Reasonable conversation about capitalism is possible again. Debates about its strengths and weaknesses resume. The United States’ post-1950 taboo against honestly evaluating capitalism finally is fading. The public increasingly ignores over-the-top celebrations of capitalism as humanity's peak achievement, God's choice, perpetual prosperity generator or guarantor of individual freedom. Politicians, journalists and academics could stop their uncritical cheerleading for capitalism, although most still pay their bills that way.
The reasons are many. Capitalism no longer "delivers the goods" to most Americans. With consumer debt already high, more borrowing can no longer postpone hard times. The "American Dream" slips farther out of reach. As Cold War memories recede, labels like socialism or communism no longer stifle debate. Destroyed cities like Detroit; students with unsustainable debts; declining wages, benefits and job security; and millions unemployed or foreclosed - to them, the usual rationalizations of capitalism seem hollow and ridiculous.
This July's national survey found 26 percent of Americans believing that capitalism is "not working too well" and another 16 percent that capitalism is "not working at all well." Imagine the consequences if a new political party arose to represent those 42 percent by demanding basic changes in the economic system.
However, that survey and resumed debates about capitalism have not yet faced or solved a shared problem. Widespread confusion and disagreement surround what capitalism means and thus what exactly "is not working." This situation weakens the clarity and appeal of solutions offered by capitalism's critics.
A two-dimensional definition of capitalism - as private property plus markets - prevailed for the past 150 years. It neatly contrasted socialism or communism as public property and planning. Privately owned enterprises producing goods and services and free market exchanges of resources and products defined capitalism. State-owned and -operated enterprises and government-planned resource and product distributions defined socialism or communism. Those definitions' inadequacies should have been obvious. They persisted likely because they served leaders in both systems well.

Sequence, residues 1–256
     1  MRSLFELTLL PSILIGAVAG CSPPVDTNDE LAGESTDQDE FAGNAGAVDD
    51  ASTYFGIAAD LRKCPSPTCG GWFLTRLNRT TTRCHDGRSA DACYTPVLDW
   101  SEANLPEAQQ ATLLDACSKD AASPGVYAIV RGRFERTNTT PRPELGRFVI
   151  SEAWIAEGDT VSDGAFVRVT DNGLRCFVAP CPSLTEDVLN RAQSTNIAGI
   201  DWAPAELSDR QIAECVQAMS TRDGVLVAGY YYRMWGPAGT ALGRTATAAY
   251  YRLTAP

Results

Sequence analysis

Private capitalists and their supporters demonize government regulations, taxes and public services they oppose as socialism or communism and equate them with atheism, revolution, violence and dictatorship. The old definitions work for them. Keynesians and social democrats advocate government intervention to preserve capitalism by offsetting its excesses and flaws. Because they fear being called communists, they use the old definition (that of communism being total state ownership and planning) to reject communism emphatically. Leaders in countries such as the Soviet Union and China - products and custodians of "revolutions against capitalism" - defined their economies as opposites, negations of capitalism. Polarized definitions - capitalism as private property and markets and socialism or communism as public property and planning - usefully emphasize their difference and distance from capitalism.
Those polarized definitions are now being challenged and displaced. This is partly because of their close associations with socialist and communist economies that imploded and capitalist economies languishing in deep crises. Searches for alternatives to both systems uncovered the old definitions' flaws. New agendas for effective economic change begin with different definitions.